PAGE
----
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Recently I've been wanting to experiment with NoSQL databases, especially document store ones. After reading, I still don't understand how one might model information that is contained in a relational SQL database (i.e with tables and records) in terms of documents.

For example, a music database might have a table for Artists, Albums and Issues; an Album can have one or more Artists, and an Album can one or more Issues. This is a relatively simple example.

From what I understand of the uses of documents, there will be a document for every Album, and inside that document, the "artists" key will contain the information on each Artist, and the "issues" key will contain the information on each Issue of that Album.

Doesn't this lead to a lot of data duplication? Each album by an artist will need to contain all the information about its artist(s). On the other hand, if we have a document for every Artist, and an album has five artists and ten issues, then the album information is replicated five times within the document for each Artist and the issues information is replicated ten times within the key for each Album.

I believe I'm not thinking about the storage correctly, as this seems like a very silly way to organise a database. Either NoSQL isn't suited for this kind of storage (and I should stick to SQL), or this storage can be implemented in a better way (and I'm too stupid to see how).

Would another kind (i.e not document storage) of NoSQL database be better suited? How might one organise my example schema in a NoSQL database, with minimal data duplication? Would data duplication be somehow better?

Thank you.

  • What NoSQL database?There are lots and lots of different technologies with completely different philosophies commonly grouped under the huge "NoSQL" umbrella. Depending on which one you use your schema would look completely different. – Philipp Apr 29 '16 at 11:42
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    youtu.be/qI_g07C_Q5I?t=15m1s – Euphoric Apr 29 '16 at 11:54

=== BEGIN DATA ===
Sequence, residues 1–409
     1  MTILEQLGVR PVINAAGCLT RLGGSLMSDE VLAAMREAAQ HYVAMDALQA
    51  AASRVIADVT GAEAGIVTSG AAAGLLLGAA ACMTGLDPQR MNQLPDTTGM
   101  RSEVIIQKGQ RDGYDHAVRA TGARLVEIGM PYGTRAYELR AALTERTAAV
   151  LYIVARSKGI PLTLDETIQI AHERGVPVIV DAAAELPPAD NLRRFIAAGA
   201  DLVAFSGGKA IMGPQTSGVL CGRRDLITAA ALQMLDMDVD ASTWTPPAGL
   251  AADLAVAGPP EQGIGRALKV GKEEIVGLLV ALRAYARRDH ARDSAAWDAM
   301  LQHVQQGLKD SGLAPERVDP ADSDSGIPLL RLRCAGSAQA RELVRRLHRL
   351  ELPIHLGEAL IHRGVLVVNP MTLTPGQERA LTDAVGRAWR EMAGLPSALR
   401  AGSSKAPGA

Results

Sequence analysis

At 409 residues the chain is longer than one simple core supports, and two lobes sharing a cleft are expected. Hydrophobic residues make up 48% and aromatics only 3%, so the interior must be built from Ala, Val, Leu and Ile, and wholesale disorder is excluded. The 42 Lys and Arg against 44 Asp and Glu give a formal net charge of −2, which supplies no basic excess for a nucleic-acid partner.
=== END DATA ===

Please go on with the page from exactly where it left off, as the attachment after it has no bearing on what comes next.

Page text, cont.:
• Why do you think data duplication is bad? Storage is cheap. Document indexing is fast. – Euphoric Apr 29 '16 at 11:56
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    @Euphoric Wouldn't there be a lot to update if I needed to change one detail about an Artist, such as the date of birth? I would have to update every Album document with this new information. With a lot of information, it adds up, and I'm having a hard time imagining that just because storage is cheap, that I should use it. Isn't data repetition more prone to errors, too? – q3d Apr 29 '16 at 12:01
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    Creating the possibility of inconsistent data is by far the biggest risk of deliberately duplicating data. The extra storage space or the performance cost of multiple updates are almost inconsequential compared to that. – Ixrec May 1 '16 at 21:00
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If you are talking about document stores, and you have your song database, try think about storing the lyrics of all the songs. Those can't really be stored in a relational way. Because you can't really model the words of a lyric in a relational way to the song.

What you can do however is put all the lyrics in a document store and make them search-able.

Use the right tool for the job, don't try to model relational data in a non-relational way just because NoSQL is the trend.

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    +1 for "..don't try to... just because NoSQL is the trend." Although in the example about lyrics I'd say you can store them in a relational database. – Tulains Córdova Apr 29 '16 at 13:07